I had to know if there was still a possibility of making it to the starting line the next morning. There was no obvious or visible damage besides a lot of blown fuses. An AIS transceiver was a core requirement for entering the race and I had recently installed a system, so it was particularly fresh in my mind (and wallet). The electronics bus was cooked along with everything connected to it. A quick change of fuses made no difference since it appeared the lightning had struck the masthead VHF antenna and destroyed everything connected all the way back to the main panel, including the new VHF unit and antenna splitter my wife had given to me as a birthday gift that winter. With no VHF, AIS, or GPS the race was not going to be feasible, in addition to my realization that taking a boat offshore without a thorough inspection and a clean bill of health would not be prudent. We notified the race committee via email, including the ‘famous’ video clip with our official notification that we were retiring from the 2019 MHOR. 

I contacted the insurance company to let them know what happened and arranged to haul for a survey. The total amount of damage to the electronics and rigging, not to mention the unknown impact to the hull structure, equaled more than the value of our poor, old boat, and she was deemed a constructive total loss. We are sad to see her go as she served us well for four good seasons of cruising and racing, but we are excited as we search for our next boat.

I later reflected on what the course of action would be had this happened 100 miles offshore in the middle of the race. Knowing we had a hand-held VHF, emergency antenna, and a handheld GPS unit in our emergency kit, among other things, was comforting, but would only have been enough for us to safely make it to the closest port to have a better look at the rest of the damage.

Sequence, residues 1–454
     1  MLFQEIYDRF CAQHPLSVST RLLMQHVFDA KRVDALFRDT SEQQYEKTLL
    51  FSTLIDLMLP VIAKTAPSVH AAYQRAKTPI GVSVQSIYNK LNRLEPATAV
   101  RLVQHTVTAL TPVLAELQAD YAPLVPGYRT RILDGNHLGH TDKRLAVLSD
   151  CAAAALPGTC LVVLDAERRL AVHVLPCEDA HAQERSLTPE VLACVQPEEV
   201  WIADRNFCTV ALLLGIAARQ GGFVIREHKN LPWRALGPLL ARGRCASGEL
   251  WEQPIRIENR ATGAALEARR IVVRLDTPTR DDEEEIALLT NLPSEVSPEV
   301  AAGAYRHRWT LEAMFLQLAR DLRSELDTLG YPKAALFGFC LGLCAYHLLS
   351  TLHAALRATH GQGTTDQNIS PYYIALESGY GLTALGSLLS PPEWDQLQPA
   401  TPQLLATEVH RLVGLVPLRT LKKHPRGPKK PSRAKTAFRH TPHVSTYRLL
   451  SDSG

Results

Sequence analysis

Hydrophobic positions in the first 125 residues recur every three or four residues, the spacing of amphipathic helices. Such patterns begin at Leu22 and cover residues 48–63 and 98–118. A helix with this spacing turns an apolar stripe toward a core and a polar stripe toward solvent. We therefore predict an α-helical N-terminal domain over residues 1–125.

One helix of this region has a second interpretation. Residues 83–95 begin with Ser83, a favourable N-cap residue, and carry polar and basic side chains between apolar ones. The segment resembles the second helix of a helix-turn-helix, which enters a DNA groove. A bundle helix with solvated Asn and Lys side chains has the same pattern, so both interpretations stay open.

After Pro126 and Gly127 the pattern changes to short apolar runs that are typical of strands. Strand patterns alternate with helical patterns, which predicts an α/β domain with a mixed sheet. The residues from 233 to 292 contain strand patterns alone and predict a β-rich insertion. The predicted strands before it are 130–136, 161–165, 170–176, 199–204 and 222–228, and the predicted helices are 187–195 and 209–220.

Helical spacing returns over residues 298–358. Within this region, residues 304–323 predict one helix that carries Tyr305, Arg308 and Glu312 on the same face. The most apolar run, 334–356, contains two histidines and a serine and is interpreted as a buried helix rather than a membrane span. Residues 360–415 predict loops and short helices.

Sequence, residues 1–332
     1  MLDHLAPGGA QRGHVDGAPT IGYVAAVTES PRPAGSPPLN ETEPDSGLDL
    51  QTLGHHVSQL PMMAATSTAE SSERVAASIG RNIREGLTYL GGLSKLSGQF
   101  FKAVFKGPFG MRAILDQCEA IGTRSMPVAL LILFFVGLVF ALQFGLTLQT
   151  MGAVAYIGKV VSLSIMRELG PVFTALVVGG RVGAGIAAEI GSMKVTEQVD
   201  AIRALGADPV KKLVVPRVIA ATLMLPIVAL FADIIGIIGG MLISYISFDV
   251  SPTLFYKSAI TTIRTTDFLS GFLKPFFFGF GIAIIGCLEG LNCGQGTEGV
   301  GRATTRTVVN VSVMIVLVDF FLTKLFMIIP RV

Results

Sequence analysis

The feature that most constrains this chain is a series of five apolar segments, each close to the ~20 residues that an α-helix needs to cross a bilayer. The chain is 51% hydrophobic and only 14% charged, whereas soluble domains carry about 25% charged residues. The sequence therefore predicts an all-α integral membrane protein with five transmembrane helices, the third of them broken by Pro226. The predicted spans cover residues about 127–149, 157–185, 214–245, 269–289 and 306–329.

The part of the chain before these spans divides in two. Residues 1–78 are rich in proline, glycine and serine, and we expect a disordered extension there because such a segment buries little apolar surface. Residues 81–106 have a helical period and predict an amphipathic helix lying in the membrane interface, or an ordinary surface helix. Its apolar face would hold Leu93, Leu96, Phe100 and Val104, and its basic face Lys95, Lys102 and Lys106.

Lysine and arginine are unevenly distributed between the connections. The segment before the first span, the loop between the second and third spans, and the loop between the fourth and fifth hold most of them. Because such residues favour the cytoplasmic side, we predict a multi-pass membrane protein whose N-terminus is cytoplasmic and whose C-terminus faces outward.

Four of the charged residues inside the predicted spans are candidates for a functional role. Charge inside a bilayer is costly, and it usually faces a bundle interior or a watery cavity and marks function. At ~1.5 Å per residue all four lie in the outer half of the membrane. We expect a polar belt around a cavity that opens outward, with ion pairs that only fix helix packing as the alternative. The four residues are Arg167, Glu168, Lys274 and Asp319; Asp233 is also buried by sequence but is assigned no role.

A few lessons learned for future offshore preparations I have taken away are these:

  1. It’s important to have back-up, portable electronics that aren’t connected to the boat’s electrical system including comms (VHF and Garmin Inreach+ satellite messenger), handheld GPS, and iPad with a chartplotter app. 
  2. Manual pumps for fresh water (which we had) would be critical to access water for drinking and food preparation for at least another 24 hours.
  3. Have a bailout plan. I did not have a plan for where to head at various points during the race beyond “turning left” to head to Maine if we had problems. In the future, I will have a better plan and note appropriate safe harbors for various points along the course.

Acknowledgements:

  1. Geico Marine/BoatUS Insurance company for their permission to review the surveyor’s report and reference it for this document and for quickly processing our claim.
  2. Brett Carlson, Marine Surveyor for Geico Marine/BoatUS who gave permission for using his photos throughout this document.

 

Outline of Observed Damage:

  • Cabin lights worked  (after fuse replaced).  Cabin lights were all LED.  Fuse was not blown at the panel.
  • Running lights did not work (LED).
  • Engine started but starter didn’t disengage, odor of burning after starting and no sign of alternator charging when engine running.
  • New shaft zinc burned up, paint on prop pocked and flaked off
  • Bilge pump & float switch worked after replacing fuse on circuit panel.
  • Soot on standing rigging- no good photo to document this.
  • Centek Benmar Course setter Autopilot head and drive were blown.